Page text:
High school basketball, wrestling on hold, Pritzker says

  • Prospect's TJ Johannesen and Fremd's Tim Carlisle dive for a loose ball during the Mid-Suburban League championship game in Mount Prospect last season. Basketball teams across the state are hoping to hear about the fate of the 2020-2021 season Wednesday.

      Prospect's TJ Johannesen and Fremd's Tim Carlisle dive for a loose ball during the Mid-Suburban League championship game in Mount Prospect last season. Basketball teams across the state are hoping to hear about the fate of the 2020-2021 season Wednesday. Joe Lewnard | Staff Photographer

  • Ethan Geist of Grant (right) wrestles Nathan Love of Wheaton North last season.

      Ethan Geist of Grant (right) wrestles Nathan Love of Wheaton North last season. Brian Hill | Staff Photographer

 
 
Updated 10/27/2020 4:59 PM

As winter sports participants await word on the fate of their seasons, the Illinois Department of Public Health Tuesday updated its all sports policy, moving basketball from medium risk to a higher risk sport, and Gov. J.B. Pritzker said basketball and wrestling are "on hold."

"We can't ignore what is happening around us -- because without action, this could look worse than anything we saw in the spring," Pritzker said at a news conference. "It's with that in mind that today, my administration is releasing our updated guidance for youth and adult recreational sports in Illinois ahead of the winter season.

                                                                                                                                                                                                                       
 

"As with sports in the fall, nothing is 'canceled,' just put on hold until we're through the thick of this pandemic. We adapt as we learn. That has been our mantra throughout this pandemic, and as is true in every other facet of life, we know this virus is of most concern when people are indoors with high contact, especially in vigorous situations that bring about heavy breathing -- like in wrestling, hockey and basketball.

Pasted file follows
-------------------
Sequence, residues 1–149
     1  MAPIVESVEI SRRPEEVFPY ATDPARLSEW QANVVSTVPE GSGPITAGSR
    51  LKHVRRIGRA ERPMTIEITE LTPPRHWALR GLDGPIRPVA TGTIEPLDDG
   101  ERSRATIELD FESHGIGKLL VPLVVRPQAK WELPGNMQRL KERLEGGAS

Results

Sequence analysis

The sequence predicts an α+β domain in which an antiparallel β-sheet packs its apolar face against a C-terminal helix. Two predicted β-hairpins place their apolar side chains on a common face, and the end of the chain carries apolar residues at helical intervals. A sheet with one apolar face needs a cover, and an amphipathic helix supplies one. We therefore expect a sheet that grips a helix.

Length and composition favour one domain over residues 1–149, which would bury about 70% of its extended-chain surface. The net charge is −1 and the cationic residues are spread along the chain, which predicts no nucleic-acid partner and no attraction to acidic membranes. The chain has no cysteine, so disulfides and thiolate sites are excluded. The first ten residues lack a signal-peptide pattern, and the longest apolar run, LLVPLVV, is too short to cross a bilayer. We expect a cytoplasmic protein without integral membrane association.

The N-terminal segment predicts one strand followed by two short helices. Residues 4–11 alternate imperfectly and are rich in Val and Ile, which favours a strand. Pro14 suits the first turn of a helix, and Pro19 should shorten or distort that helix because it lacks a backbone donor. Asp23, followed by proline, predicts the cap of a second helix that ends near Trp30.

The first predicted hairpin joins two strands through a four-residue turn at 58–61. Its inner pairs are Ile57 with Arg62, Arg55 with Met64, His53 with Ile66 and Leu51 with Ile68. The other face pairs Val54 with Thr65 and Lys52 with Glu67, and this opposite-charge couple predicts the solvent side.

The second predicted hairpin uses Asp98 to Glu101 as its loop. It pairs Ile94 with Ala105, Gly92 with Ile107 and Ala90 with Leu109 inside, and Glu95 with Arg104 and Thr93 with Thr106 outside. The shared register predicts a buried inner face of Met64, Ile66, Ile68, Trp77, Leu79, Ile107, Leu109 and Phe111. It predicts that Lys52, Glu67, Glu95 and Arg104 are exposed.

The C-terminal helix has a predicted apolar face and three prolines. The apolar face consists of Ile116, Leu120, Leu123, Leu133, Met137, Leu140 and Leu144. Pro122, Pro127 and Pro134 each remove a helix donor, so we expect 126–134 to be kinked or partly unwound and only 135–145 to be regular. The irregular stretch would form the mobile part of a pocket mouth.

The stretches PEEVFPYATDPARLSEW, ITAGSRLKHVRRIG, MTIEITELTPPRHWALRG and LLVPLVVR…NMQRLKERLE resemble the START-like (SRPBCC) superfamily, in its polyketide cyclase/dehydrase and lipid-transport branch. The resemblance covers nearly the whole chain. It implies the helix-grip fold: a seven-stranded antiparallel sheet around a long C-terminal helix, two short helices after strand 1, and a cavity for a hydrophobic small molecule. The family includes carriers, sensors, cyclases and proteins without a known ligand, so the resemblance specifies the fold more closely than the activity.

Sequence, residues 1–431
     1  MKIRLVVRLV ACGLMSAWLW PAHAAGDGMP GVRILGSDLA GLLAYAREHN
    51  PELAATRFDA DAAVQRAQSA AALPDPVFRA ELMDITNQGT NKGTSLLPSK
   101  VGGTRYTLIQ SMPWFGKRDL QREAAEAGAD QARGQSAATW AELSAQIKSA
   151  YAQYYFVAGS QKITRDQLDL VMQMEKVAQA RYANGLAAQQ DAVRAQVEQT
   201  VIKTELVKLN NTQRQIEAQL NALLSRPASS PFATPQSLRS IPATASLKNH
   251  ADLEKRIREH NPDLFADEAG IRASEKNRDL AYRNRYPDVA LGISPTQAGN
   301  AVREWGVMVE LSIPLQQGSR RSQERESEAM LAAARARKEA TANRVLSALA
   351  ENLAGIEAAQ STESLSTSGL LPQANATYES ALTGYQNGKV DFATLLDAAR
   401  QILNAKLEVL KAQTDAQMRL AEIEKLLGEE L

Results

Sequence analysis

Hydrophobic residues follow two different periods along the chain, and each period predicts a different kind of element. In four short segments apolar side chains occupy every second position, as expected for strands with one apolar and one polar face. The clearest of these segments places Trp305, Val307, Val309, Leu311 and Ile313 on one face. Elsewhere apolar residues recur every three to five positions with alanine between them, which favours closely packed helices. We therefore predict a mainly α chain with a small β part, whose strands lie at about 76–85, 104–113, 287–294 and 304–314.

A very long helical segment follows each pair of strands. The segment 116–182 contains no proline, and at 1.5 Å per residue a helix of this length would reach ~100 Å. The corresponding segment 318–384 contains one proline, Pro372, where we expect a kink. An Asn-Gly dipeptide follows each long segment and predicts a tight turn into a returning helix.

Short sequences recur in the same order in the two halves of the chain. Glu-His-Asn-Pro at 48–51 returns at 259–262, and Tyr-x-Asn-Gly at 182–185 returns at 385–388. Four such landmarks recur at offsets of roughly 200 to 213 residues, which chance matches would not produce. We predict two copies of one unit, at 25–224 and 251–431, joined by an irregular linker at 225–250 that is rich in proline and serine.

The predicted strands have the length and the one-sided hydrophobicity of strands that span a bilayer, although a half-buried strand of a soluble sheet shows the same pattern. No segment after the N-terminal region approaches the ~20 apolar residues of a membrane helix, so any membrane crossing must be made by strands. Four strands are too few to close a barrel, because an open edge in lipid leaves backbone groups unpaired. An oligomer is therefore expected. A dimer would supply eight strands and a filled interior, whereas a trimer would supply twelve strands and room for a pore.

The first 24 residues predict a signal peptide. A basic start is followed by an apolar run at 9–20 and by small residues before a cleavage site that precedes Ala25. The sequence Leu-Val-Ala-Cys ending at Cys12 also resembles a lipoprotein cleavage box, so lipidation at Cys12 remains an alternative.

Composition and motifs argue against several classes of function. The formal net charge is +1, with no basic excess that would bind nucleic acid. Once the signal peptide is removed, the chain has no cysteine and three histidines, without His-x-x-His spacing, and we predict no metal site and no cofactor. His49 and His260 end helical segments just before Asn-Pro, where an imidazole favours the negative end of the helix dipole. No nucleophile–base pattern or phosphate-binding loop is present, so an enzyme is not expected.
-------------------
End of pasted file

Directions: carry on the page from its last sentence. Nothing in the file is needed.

"Life in a pandemic is hard for everyone, and it's hard for all of our kids, whether or not they play sports. That doesn't make it any easier -- but we really are all in this together."

The Illinois High School Association board of directors has a meeting Wednesday morning to decide the fate of winter sports.

"About 15 minutes prior to Gov. Pritzker's news conference today, we were alerted the Illinois Department of Public Health has elevated the sport of basketball from a medium risk level to a high risk level," IHSA executive director Craig Anderson said in a statement. "We remain considerate of the recent rise in positive COVID-19 cases in our state.

"However, in our meeting with IDPH Friday (Oct. 23) we felt we presented multiple options that would allow for basketball to be conducted safely by IHSA schools this winter, many of which are being utilized in neighboring states who plan to play high school basketball.

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"Despite that setback ... IDPH accepted the IHSA's mitigations related to other sports, including cheerleading and dance, allowing them to move from a medium risk level to a low risk level.

"We will hold our special board of directors meeting as scheduled, where our board will provide direction on the other winter sports, as well as discuss the IHSA sports schedule for the remainder of the 2020-21 school year."

Winter sports are scheduled to begin formal practices Nov. 16.

The updated guidance moves basketball from medium risk to high risk due to the close contact of players and indoor play. Wrestling and hockey continue to be categorized as high risk as well. Cheer and dance will be categorized as lower risk, only if masking and distance are enforced. Low risk sports like bowling, gymnastics, swimming and diving will be permitted to play during winter.

"The science, as we know it right now, applies in all situations," said IDPH Director Dr. Ngozi Ezike. "The more people you are in contact with, the longer you are together, and the closer you are together, the greater your risk of getting COVID-19.

"Being face to face with another person for a basketball or football game puts players at higher risk of getting and spreading the virus. Right now, cases across Illinois and the country are increasing."

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